She noted that joint advocacy has raised much of the necessary political will. Global leaders now recognize that the health of women is key to achieving the Millennium Development Goals. The September 2010 launch of the UN Secretary General’s ‘Global Strategy for Women’s and Children’s Health’ has led to $70 billion worth of financial, policy and service delivery commitments from governments, multilateral organizations, the private sector and civil society.
“Now it’s time for us all to turn those pledges into reality. The international community is rising to the challenge with a strong focus on implementation and accountability. Progress is being carefully monitored, while together we are pushing for new commitments from governments and other sectors,” She added
Dr. John Nduba, Director, Reproductive and Child Health at AMREF) said that many African countries have not met 50% of the 2001 Abuja target for a health budget of 15% of GDP, health systems in Sub Saharan Africa are dilapidated and under resourced. Health budgets are not gender analyzed making the needs of women and children receive low priority and policies like persistence of user fees. He asked Parliaments to accelerate Progress towards MDGs 4 and 5 by increasing the health budget towards 15% of GDP and demanding governments’ action on commitments made to the UN Secretary General’s Global Strategy for Women’s and Children’s Health.
Hon. Sylvia Namabidde Uganda MP highlighted some of the achievements the Ugandan parliament has made amidst challenges. She said that as peoples’ representatives, they speak on behalf of women and children and also represent the people in dealing with the executive arm of government. “We have used this mandate to ask Ministers questions on the floor of Parliament and also sponsor motions on matters related to maternal health. No matter how well laws and policies are designed, they won’t be effective if there is no funding to support their implementation.” She cautioned.
“We managed to pass US $130million World Bank loan for reproductive health and $30million was specifically to finance the Road-map to accelerate reduction of maternal and new born mortality. However, our oversight function is affected when Audit reports are received late and when government does not allow sufficient access to information and participation in joint health sector reviews.” She revealed.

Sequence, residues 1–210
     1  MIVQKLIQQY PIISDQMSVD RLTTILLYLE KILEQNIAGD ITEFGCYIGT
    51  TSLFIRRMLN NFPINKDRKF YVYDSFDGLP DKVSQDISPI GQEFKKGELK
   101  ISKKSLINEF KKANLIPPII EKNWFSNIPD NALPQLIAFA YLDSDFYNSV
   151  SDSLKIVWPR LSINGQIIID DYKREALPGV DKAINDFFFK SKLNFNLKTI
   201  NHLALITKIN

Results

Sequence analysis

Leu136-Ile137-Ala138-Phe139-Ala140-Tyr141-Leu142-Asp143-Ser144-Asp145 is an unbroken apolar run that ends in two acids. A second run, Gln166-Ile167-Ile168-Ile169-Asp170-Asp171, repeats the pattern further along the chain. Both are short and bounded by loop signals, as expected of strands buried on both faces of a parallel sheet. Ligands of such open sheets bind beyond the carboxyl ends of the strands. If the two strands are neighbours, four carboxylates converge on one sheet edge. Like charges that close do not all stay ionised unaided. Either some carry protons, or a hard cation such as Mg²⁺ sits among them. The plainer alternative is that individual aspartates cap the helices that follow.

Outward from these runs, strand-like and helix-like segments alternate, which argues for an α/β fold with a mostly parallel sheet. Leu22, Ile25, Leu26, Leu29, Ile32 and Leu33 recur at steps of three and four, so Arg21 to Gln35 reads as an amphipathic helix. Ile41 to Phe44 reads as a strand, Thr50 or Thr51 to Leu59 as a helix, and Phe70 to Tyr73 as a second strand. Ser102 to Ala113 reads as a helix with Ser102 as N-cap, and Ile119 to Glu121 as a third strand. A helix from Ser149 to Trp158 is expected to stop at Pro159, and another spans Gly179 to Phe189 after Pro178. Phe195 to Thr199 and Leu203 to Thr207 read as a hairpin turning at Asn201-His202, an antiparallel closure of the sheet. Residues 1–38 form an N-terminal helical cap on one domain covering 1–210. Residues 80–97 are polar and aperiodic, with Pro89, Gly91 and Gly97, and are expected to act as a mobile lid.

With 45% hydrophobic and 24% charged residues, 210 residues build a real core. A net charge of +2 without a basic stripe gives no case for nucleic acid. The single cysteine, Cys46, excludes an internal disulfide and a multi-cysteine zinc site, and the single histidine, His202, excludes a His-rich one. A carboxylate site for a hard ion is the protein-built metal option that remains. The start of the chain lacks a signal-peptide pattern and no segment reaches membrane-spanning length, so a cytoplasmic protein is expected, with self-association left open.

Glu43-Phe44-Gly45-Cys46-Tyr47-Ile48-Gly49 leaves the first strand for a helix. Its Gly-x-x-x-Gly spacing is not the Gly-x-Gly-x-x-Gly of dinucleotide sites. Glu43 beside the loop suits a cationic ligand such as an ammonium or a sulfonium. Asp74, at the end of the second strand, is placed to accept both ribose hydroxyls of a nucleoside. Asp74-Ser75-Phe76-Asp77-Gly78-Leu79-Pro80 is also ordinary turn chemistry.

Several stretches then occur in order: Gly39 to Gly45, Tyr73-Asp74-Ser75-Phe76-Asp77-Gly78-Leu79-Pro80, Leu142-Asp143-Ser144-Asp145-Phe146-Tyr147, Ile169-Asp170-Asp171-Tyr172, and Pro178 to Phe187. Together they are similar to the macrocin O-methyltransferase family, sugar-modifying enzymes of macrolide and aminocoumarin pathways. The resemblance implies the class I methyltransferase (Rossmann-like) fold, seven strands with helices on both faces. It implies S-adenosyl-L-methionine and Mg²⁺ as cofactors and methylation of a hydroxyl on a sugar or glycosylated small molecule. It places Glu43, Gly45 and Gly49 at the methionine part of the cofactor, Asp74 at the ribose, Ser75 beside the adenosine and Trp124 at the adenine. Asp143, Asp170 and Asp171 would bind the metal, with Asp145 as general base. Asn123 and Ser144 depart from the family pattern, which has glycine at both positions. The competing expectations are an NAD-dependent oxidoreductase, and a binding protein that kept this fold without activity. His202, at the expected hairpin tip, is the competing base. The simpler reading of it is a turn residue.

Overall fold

It was a busy week for WRA Uganda and our civil society partners; we made progress in raising the profile of women and children to parliamentarians and encouraging them to take action, to keep this momentum up. There are still a number of things we need to do:
- It’s critical to maintain the momentum and ensure that the resolution is implemented in respective countries. The resolution is an important tool to holding our respective parliaments accountable to their own decisions made during the historic 126th IPU 2012.
- MDG 5 is the most off course but we can turn this around with the right parliamentary action through their representative, legislative, budget appropriation and oversight roles. Parliamentarians have a key role in ensuring governments are held accountable to their commitments to prevention of avoidable maternal and child deaths.
Parliamentarians cannot do this alone, it requires a multi-stakeholder approach including but not limited to civil society organizations, media, community and traditional leaders, and faith based leaders, women, men, health professionals, private sector, and donor community among others.
Coalition Member organizations: WRA Uganda, World Vision, Save the Children, UNHCO, CEHURD, Mildmay, Save the Mothers, AGHA, National NGO Forum, Parent Network, AMREF Uganda, WIMA, KHEFO, UGAN, Mama’s Club, VEDCO, Fanta 2, Food Talk, etal.
Partners: The Office of the Speaker, MDGs Forum of Parliament, Network of African Women Ministers and Parliamentarians, Uganda Parliamentary Forum for Children, respective IPU sub committees and more importantly Hon. Paula Turyahikayo, Co-Rapporteur.